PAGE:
First year, 1985, $6 million; second year, $34 million; third year, $70 million; fourth year, $159 million; fifth year, $258 million . . . year sixteen, $25 billion.
—From various Dell Computer annual reports

How Fast Is Really Fast?
One thing for certain, successful high growth-potential ventures do not stay small very long. When they do launch they can be as exciting as a rocket racing to the sky. Siebel Systems tops the list of the fastest-growing technology companies in the United States. In 1999 they recorded a five-year revenue growth rate of 782,978 percent! Founded in 1993 with $50,000, they had $391 million in revenues in 1998, and by 2003 had nearly $2 billion in revenues, with 8,000 employees working out of 136 offices in twenty-four countries.

BEA Systems, which claims the distinction of being the fastest software company to reach $1 billion in revenue. According to co-founder Bill Coleman, “It’s not magic. It is all about an addressable opportunity, great people, focus, and execution

Netscape generated $80 million in sales in its first full year, and in three years reached $500 million. For comparison, Microsoft took almost fourteen years to reach comparable revenues.

By 2001 eBay was number one on Deloitte & Touche’s Fast 500. In the five years prior, they had grown 115,874 percent, from $372,000 in sales in 1996 to $431 million.

You can go into a corner slow and come out fast. Or you can go into a corner fast and come out dead.
—Sterling Moss, Formula-1 racing legend


Christian Chabot August 26, 2009 at 11:03 am

Robert the next sector I’d like to do is media, not just social media but all companies where revenue growth is more traffic-driven. I wonder if, by virtue of having more naturally leveraged business models (the web is the greatest leveraged distribution vehicle for software), the top companies ramp faster. Truth or fiction? I’d love to know. I’ll add it to the list.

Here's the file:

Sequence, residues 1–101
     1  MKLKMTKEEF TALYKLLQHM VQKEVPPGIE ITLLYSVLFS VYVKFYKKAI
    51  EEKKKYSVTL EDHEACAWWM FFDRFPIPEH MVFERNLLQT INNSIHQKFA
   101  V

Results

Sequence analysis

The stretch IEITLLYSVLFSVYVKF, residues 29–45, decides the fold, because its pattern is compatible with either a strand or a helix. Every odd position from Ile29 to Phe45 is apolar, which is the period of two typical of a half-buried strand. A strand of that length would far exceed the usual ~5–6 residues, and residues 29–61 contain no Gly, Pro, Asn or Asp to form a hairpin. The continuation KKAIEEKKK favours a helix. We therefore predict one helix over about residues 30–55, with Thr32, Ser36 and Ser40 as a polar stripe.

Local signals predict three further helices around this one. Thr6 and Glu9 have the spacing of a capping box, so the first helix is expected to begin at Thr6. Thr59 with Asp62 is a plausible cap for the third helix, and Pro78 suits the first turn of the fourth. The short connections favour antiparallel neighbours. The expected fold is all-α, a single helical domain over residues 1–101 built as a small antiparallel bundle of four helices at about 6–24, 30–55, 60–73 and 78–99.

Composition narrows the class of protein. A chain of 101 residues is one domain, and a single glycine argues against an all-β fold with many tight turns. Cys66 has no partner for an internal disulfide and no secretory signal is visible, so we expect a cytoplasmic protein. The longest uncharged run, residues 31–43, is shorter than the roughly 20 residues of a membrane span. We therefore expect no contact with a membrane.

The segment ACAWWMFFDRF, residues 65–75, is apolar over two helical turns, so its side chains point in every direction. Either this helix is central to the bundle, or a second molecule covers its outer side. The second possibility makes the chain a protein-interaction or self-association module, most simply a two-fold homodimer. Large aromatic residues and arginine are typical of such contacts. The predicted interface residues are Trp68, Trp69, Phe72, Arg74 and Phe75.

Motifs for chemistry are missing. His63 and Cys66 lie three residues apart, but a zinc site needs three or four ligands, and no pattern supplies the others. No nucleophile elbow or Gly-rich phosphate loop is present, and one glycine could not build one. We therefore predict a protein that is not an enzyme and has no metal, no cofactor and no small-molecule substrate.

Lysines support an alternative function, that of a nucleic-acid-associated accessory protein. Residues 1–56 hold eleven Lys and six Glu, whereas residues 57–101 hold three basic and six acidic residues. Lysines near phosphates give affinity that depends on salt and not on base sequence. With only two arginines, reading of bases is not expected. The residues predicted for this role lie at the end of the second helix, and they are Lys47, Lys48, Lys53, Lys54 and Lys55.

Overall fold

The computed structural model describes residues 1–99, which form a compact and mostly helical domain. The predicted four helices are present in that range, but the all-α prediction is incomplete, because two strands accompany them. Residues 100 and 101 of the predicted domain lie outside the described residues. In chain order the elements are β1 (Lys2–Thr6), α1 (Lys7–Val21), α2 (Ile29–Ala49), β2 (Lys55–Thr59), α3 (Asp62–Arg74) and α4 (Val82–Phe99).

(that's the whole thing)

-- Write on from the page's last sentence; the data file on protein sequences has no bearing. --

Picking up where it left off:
Michael Ewens August 26, 2009 at 11:07 am

My research on VC returns (at the investment-level) suggests that the cross-section from 1987 – 2007 is characterized by a “three-regime” world. Once corrected for the probability of bankruptcy, these regimes nicely correspond to your “rocket ship,” “hot shot” and “slow burner.” However, my sample includes all VC-backed firms and all exit types. My new work shows that breaking the sample into “early-stage” and “late-stage” changes the conclusions: the earlier the investment the bigger the rocket ship and the higher likelihood of a slow burner or crash.

Your graph gives me some ideas on how to better motivate my model.

Christian Chabot August 26, 2009 at 11:18 am

Michael, thanks for commenting. Are the studies published, can you send links?

Michael Ewens August 26, 2009 at 2:24 pm

Not published yet…still a working paper. I’ll post links end of September once I have finished.

Deepak Das August 26, 2009 at 5:55 pm


Nice article. Just in time as there are a lot of discussions on the web about the VC industry in general. I just read Bill Gurley’s article titled “What is really happening in the VC industry”

The question you pose at the end “Is it wise to prepare a business plan featuring steep hockey stick sales projections?” could be countered with “Are VC’s ready to accept a low rise hockey stick projections”. I think that answer is overwhelmingly NO. The VC industry still works on the model that one of those steep hockey projections will come true and the return on one such investment will counter all the others that turn out to be duds.